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Red Sox Minor League Roundup: Daisuke Matsuzaka and the truth about Tommy John surgery

05.08.12 at 12:00 pm ET

The reality is that Tommy John surgery, more often than not, does not feature a straight line rehab process.

Rich Hill represented the exception, experiencing no setbacks in the roughly 11 months since his surgery to the point where he’s already asserted himself as an important contributor in the Red Sox‘ major league bullpen. But the path back is typically different — and more deliberate — particularly for starting pitchers.

And so, it should not come as a complete surprise that Daisuke Matsuzaka has not yet looked like a dominant pitcher in his rehab appearances. There have been interesting signs, such as the fact that he touched as high as 94 mph while pitching in extended spring training, and the fact that he punched out seven in a Double-A rehab start a little more than a week ago. But he remains a work in progress, and not a finished product.

On Monday in Pawtucket, he offered a reminder of that fact. He tossed 4 2/3 shutout innings, but it took the right-hander 87 pitches to get to that stage of the game. he was unable to finish the fifth inning, something that represented a bit of a disappointment.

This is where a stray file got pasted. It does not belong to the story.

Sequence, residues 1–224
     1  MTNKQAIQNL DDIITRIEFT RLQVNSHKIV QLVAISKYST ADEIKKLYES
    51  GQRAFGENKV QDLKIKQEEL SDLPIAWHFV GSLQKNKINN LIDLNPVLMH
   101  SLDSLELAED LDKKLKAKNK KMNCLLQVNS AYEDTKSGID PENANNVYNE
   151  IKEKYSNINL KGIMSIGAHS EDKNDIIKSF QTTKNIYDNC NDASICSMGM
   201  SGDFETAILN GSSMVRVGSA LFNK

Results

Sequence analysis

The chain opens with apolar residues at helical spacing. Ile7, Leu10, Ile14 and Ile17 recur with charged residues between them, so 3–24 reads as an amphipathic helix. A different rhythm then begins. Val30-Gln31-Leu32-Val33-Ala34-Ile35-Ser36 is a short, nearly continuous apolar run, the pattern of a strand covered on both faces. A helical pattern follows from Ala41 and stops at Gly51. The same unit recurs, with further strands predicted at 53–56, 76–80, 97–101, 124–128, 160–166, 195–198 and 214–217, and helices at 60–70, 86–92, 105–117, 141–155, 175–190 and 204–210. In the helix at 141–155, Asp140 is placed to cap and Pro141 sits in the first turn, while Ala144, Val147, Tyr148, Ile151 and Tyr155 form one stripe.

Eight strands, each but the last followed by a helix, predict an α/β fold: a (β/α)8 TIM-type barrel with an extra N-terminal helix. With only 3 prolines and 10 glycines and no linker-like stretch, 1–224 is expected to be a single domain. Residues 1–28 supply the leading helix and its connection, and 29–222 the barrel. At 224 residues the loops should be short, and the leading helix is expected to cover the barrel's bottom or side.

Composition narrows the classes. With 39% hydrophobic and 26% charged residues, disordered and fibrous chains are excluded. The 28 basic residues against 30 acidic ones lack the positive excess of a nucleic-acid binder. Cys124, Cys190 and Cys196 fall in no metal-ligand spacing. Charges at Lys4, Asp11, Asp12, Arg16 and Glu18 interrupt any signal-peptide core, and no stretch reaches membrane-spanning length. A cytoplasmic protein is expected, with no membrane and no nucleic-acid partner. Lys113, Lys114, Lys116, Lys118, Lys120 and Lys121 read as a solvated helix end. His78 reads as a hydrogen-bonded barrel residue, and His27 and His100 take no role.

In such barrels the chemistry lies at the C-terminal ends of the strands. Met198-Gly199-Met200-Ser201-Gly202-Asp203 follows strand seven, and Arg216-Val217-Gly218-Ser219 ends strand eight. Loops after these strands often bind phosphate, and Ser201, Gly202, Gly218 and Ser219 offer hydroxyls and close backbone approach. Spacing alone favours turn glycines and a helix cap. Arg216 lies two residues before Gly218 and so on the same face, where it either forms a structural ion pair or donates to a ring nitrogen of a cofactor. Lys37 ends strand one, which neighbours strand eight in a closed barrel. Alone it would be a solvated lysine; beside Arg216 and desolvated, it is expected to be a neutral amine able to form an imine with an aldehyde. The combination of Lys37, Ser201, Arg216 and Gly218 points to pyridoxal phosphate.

“I had about four walks and a lot of two-ball, three-ball counts which knocked up my pitch count,” Matsuzaka told reporters (via a translator) in Pawtucket. “I really wanted to throw at least five innings, but it didn’t happen, so I’m not really happy about that.”

While Matsuzaka reported no problems in the neck issue that delayed his latest outing by a few days, he acknowledged that his rebuilt elbow varies on a day-to-day basis. That being the case, he did not exude certainty about whether he might be ready to return to the majors with another couple of starts.

“Overall, my body feels good, so that’s fine, but my elbow, depending on the day — some days it feels better than others. Right now, I’m hoping when I start, it hits the day I’m feeling good,” he told reporters. “Regarding being ready in two more games, it’s hard to say because it’s a step-by-step process, a game-by-game process. I’ll just go see how I pitch my next outing and see how that goes and see where I stand then.”

In many respects, in examining the histories of other Red Sox pitchers who underwent Tommy John, it is remarkable that Matsuzaka — less than a year removed from the repair of his ulnar collateral ligament last June — is in Triple-A. Junichi Tazawa had the procedure performed in April 2010 and did not start a rehab assignment for 13 months. Former Sox pitcher Nick Hagadone (who recorded his first career big league save on Monday) went under the knife in May 2008 and didn’t start pitching in minor league games until June 2009.